“No angel, nor the mother of God, Mary, could be a better protection for us than Christ.”
If we’re going to approach infinite holiness in prayer now, in fellowship with God now, and finally approach him face to face, then the thought of adding Mary or an angel to Christ for supplementary protection and acceptance is absurd. It’s simply absurd. It’s like saying, “Well, I’ve got an asbestos fire suit here, and it’s twelve inches thick. Now, let’s add a layer of tissue paper to make it more resilient.”
There is not one scripture that teaches us to approach God through angels or through Mary — not one. Let that sink in. Not one. All of that insertion between us and God in addition to Christ is unbiblical tradition, and it is a dishonor to Christ, what he accomplished on the cross, and what he’s doing today.
So let me celebrate with you for just a moment the glories of Christ’s finished work for us on the cross, and its ongoing application to us in heaven as he intercedes today for us and opens the way to God moment by moment for you to come.
Through His Flesh
So we start with that text that Barb mentions in her question: “There is one God, and there is one mediator between God and men, the man Christ Jesus” (1 Timothy 2:5). There are not multiple mediators that make it possible to relate to God joyfully, without being destroyed. There are not. Christ and Christ alone accomplished this once for all.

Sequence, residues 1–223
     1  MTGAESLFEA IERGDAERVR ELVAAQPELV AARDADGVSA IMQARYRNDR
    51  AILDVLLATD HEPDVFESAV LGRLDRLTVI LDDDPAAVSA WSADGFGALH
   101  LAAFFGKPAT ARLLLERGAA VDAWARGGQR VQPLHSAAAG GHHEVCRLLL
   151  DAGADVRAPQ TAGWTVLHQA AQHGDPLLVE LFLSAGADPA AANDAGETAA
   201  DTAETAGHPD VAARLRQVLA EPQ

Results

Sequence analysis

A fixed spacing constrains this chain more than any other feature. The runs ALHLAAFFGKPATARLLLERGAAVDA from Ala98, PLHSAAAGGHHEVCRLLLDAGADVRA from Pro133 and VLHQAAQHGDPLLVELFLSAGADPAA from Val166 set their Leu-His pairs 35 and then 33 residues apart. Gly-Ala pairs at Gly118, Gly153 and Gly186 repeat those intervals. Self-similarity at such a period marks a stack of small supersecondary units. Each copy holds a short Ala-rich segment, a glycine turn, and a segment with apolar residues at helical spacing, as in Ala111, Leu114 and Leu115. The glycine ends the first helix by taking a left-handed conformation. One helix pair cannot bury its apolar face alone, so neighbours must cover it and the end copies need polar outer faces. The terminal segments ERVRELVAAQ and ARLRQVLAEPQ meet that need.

Then there’s the gloriously clear statement of Paul in Ephesians 2:17–18 and 3:12: “[Christ] came [into the world] and preached peace to [those who] were far off and peace to those who were near.” And now here’s the key phrase: “For through him we both have access in one Spirit to the Father” (Ephesians 2:17–18). And then he writes this phrase: “In [him] we have boldness and access with confidence through our faith in him” (Ephesians 3:12). I mean, could it be clearer?